One devoted woman is about to discover the power of love
When famine visits Bethlehem, some hold out hope for rain, while Naomi and her family make a long journey to Moab in search of greener pastures. The harvest there is plentiful, and for a time it appears the Lord is blessing them. But when calamities strike, one after another, Naomi is left alone in a foreign land with only her widowed daughters-in-law for comfort.
Downhearted and destitute, Naomi is determined to return to Bethlehem alone. But her daughter-in-law Ruth refuses to leave her side. Despite the fact that she and Naomi will almost certainly live out their days in widowhood and poverty, Ruth holds out hope for a better future . . . and maybe even a second chance at love.
It’s an honor to review any novel by Jill Eileen Smith. I’ve been highly impressed with many of her previous titles and they’ve often helped me look at the featured Bible story with fresh eyes. I’m hoping for the same with her interpretation of Ruth.
Once again, Jill Eileen Smith has taken a well-known Bible story and brought it to life. The story of Ruth begins with her future mother-in-law assisting Boaz’s wife in childbirth. It establishes Naomi as a woman who is familiar with Boaz and his family, placing Boaz as her husband’s cousin and creating a brother-in-law as well to act as the relative closer to Naomi than Boaz.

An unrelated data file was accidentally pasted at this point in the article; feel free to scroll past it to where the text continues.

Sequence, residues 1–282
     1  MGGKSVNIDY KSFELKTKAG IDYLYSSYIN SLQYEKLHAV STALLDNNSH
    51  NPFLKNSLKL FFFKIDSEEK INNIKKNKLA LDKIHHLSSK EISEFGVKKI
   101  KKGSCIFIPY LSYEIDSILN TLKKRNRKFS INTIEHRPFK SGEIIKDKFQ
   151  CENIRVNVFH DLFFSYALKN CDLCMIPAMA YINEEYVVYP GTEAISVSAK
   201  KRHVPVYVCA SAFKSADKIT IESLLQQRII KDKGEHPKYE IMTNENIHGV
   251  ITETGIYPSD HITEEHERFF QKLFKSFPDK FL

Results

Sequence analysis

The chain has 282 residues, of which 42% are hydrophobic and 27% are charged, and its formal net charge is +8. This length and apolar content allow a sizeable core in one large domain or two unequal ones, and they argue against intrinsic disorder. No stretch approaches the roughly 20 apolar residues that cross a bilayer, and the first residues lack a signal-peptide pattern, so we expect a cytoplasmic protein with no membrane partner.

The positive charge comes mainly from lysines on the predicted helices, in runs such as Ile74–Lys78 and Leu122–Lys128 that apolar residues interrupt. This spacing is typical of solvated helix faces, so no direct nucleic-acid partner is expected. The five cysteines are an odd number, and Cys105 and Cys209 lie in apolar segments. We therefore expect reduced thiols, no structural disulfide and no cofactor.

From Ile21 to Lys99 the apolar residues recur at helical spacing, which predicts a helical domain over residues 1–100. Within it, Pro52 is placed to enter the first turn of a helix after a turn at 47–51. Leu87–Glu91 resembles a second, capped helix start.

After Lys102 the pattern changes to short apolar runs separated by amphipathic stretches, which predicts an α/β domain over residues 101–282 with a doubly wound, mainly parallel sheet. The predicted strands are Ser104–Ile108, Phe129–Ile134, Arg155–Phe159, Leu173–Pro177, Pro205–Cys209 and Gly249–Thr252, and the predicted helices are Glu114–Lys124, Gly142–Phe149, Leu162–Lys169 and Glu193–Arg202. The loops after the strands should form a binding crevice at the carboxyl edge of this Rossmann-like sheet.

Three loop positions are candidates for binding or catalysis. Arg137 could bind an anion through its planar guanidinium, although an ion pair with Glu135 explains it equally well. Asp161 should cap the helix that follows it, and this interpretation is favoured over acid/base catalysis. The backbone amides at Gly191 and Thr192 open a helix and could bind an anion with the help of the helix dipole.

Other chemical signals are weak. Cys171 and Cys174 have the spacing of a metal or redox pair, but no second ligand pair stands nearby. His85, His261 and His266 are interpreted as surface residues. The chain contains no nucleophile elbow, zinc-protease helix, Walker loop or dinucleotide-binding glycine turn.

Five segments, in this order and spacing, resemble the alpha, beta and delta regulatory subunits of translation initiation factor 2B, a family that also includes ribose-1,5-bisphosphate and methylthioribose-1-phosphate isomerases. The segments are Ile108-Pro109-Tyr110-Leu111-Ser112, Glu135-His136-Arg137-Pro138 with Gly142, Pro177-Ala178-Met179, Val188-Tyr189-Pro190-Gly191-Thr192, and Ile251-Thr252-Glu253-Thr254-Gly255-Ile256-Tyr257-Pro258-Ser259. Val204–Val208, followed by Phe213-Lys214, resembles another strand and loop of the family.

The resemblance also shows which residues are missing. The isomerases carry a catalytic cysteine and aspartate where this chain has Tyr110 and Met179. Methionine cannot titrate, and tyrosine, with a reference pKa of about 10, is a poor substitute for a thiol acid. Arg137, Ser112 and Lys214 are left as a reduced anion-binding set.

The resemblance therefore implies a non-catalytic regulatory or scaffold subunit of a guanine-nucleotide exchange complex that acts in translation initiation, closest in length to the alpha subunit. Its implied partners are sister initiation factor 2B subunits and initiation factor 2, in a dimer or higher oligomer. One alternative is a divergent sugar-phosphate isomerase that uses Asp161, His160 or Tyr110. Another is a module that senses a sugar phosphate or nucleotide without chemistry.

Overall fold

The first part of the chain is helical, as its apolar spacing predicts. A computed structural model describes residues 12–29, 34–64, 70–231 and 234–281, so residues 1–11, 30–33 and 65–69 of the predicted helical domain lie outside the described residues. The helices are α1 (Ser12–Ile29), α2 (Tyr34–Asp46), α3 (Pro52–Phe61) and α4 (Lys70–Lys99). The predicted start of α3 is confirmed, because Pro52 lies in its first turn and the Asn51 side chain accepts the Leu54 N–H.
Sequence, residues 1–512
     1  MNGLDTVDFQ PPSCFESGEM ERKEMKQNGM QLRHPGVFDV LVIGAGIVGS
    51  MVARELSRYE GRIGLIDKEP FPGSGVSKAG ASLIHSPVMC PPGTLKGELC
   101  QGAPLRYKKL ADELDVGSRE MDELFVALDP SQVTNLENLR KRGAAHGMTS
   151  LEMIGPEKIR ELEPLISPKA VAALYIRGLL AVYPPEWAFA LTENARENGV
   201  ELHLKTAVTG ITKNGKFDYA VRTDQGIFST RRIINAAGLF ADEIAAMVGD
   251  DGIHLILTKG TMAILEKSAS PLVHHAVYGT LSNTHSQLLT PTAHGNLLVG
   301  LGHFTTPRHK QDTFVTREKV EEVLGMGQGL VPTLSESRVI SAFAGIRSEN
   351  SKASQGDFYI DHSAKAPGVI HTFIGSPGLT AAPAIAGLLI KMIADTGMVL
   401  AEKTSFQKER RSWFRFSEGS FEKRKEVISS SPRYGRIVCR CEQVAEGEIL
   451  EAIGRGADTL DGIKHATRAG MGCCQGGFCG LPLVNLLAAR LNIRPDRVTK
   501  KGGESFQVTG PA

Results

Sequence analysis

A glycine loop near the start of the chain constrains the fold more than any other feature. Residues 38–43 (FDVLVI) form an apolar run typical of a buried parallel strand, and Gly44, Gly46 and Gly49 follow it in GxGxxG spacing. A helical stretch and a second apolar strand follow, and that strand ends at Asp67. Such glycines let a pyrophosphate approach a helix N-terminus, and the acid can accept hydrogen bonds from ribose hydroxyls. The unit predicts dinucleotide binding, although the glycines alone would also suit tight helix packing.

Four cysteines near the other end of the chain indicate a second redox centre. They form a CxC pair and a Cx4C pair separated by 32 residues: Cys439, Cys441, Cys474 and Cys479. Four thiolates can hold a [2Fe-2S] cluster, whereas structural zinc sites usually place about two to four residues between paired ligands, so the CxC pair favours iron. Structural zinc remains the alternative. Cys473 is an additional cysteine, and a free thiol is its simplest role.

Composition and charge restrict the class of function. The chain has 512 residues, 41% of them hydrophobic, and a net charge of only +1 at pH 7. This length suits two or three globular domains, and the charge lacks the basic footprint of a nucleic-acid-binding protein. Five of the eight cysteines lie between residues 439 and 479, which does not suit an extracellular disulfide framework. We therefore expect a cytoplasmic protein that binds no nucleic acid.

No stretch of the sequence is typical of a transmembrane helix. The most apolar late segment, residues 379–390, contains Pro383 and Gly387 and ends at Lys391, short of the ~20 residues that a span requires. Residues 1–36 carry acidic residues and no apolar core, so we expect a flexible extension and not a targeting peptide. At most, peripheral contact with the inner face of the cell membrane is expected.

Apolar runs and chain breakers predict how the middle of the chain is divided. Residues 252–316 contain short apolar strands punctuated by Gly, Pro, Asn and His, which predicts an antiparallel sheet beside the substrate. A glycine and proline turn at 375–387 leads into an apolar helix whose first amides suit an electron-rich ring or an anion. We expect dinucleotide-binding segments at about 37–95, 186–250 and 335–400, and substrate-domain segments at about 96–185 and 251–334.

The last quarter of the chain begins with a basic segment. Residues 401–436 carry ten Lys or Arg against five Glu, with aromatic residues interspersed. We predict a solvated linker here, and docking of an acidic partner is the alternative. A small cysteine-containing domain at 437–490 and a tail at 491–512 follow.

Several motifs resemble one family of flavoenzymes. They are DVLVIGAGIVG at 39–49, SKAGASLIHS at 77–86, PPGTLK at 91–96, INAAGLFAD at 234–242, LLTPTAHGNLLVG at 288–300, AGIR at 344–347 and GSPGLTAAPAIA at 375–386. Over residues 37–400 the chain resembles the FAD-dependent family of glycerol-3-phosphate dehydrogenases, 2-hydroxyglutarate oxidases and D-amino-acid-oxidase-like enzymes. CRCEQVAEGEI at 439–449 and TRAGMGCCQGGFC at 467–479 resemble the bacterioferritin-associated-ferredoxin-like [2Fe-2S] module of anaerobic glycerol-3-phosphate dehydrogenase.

After reading Redeeming Grace I had to review Ruth’s story for a Bible study. Thanks to this novel, I saw the story with new eyes. We don’t know why she was so willing to leave her home and everything that she knew to go with Naomi. Here, Smith has given her a realistic reason, as well as an interesting theory on how and why Naomi’s sons might’ve died. It was refreshing to see Ruth portrayed as a Moabite, as some authors I’ve read have gone out of their way to ignore this aspect of her character. Ruth was a foreigner, although it’s acknowledged that her people were descended from Abraham’s nephew, Lot.
I found Redeeming Grace difficult to put down. As well as being entertaining, it was also thought provoking. For example, why did God let Naomi’s husband and sons die? Was it punishment for moving away from the Kingdom of Judah? The final paragraphs hint, however, of what was to come from Bethlehem and the line of Boaz and Ruth: the Messiah Himself.
Thank you to Revell and the author for my complimentary copy of Redeeming Grace: Ruth’s Story, which I received in exchange for my honest review.
Have you read Redeeming Grace? Do you plan to read it? Let me know your thoughts.
Publisher: Revell (a division of Baker Publishing)
Publication Date: 14 February 2017
Page Count: 368